In the recent film, “War Room,” an energetic and exuberant elderly lady helps a young black professional couple to save their marriage as a result of wisdom gained through a lifetime of dealing with bitterness over the death of her husband with whom she had been on bad terms before his fatal heart attack as an officer in Vietnam. After a prayer for someone to help brings the harried Elizabeth, a real estate agent with a distant and often angry husband and a foot problem that is the source of a running gag in the movie about the smell of her feet and her shoes, what follows is a thoughtful and intriguing discussion of the nature of spiritual warfare and how people often fight it badly because they confuse people with their (unseen) enemy, and end up alienating those they should be acting towards with love. What appears at first to be a private sort of personal drama in the manner of other similar Christian-targeted movies like Fireproof  ends up being a movie that puts the personal in the perspective of society as a whole, reminding us that unless we get our houses and families in order that we will not be able to provide positive examples and influence for larger societal matters. This is a movie that has its eyes firmly on the big picture.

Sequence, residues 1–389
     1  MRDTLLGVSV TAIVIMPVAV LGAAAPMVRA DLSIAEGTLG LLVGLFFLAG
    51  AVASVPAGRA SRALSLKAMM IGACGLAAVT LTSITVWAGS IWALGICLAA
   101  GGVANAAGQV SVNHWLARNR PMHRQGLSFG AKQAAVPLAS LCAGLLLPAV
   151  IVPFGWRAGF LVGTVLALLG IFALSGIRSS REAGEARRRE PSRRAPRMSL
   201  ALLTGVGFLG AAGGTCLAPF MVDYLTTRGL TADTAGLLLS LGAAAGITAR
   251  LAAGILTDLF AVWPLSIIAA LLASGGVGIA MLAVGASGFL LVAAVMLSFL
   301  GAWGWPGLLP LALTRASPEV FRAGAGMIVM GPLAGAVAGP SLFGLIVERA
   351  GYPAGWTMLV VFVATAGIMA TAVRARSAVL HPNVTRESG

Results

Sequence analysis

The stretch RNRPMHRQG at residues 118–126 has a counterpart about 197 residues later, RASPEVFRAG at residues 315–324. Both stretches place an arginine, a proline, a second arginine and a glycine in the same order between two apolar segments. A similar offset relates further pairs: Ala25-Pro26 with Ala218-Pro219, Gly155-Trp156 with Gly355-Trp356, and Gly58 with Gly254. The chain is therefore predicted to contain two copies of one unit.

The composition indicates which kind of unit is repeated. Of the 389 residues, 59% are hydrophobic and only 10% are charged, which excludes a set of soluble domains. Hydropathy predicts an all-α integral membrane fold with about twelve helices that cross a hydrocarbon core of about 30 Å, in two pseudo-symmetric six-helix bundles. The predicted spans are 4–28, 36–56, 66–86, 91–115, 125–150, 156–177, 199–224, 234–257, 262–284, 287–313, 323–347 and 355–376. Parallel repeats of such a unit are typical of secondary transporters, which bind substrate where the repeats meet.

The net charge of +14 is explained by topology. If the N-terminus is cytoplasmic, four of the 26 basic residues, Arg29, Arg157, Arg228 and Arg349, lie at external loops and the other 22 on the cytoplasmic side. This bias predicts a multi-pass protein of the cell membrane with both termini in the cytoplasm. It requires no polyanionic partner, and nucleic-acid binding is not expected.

Even for those of us who are not married, this film offers some takeaways that are definitely worthwhile, that come in often unexpected ways. The fact that so much of the dialogue is based on sound reading and exegesis of scripture makes this a more solidly biblical approach than most, daring in its vision of schools and Congress filled with sincere and godly believers, a vision that warms my heart but that probably chills the hearts of others. This vision is balanced by striking portrayals of grace. We see Elizabeth turn from a bitterly sarcastic wife towards her husband Tony, a selfish and unethical salesman, into a loving wife who helps encourage him rather than nag him, and who wins the heart of one who had been estranged. We see the grace of their daughter in forgiving both her father and mother for being too busy fighting each other to notice her and pay attention to her love of jumping rope with her best friend. We see the grace of Tony’s company, after letting him go for unethical business practices, in not prosecuting him when he returns stolen drug samples. We see the grace of Tony towards the executive who wanted to throw him in jail when he fixes a flat tire in a tense moment where potential violence is implied. We see the grace of God in all of this, and in the merciful removal of Tony from temptation in Atlanta when he has the opportunity to be unfaithful towards his wife. It is this framework of graciousness and kindness and outgoing love for others, even others who think or speak or act badly towards us, that points to the larger picture at work here, and that is the way that this film, in offering a Christian model of personal and societal influence, does so in a way that is forgiving and gracious and kind rather than harsh and Puritanical.